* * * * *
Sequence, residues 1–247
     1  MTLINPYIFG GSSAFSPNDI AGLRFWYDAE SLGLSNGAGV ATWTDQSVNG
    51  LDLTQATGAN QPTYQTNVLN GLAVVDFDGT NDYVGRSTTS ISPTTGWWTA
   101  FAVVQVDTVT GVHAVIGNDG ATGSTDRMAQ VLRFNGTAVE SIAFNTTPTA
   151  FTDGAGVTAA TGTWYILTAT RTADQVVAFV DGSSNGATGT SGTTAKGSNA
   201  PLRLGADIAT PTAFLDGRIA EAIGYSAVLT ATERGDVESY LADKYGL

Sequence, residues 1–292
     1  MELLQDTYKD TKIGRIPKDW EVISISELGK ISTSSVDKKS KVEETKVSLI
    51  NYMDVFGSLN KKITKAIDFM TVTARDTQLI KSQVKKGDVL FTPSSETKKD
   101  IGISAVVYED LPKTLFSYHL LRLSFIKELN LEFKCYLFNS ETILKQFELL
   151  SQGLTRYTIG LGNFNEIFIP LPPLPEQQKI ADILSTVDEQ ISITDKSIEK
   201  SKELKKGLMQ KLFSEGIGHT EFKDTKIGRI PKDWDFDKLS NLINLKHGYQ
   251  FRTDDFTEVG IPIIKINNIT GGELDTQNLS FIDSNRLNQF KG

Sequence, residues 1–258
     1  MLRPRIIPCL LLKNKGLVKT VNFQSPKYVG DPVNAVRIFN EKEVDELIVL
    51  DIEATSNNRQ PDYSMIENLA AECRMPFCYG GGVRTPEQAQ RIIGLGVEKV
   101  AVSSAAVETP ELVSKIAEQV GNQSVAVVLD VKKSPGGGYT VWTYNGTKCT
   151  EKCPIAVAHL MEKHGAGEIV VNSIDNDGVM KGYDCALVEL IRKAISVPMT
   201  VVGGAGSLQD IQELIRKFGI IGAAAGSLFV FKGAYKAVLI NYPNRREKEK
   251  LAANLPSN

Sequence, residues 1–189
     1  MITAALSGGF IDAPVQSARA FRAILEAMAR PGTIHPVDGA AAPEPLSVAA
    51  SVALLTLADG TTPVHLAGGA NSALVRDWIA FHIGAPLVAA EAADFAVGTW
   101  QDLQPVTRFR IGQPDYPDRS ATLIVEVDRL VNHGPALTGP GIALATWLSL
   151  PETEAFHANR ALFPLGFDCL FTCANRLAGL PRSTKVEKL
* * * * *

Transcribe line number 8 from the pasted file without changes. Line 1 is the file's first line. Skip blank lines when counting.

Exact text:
     1  MELLQDTYKD TKIGRIPKDW EVISISELGK ISTSSVDKKS KVEETKVSLI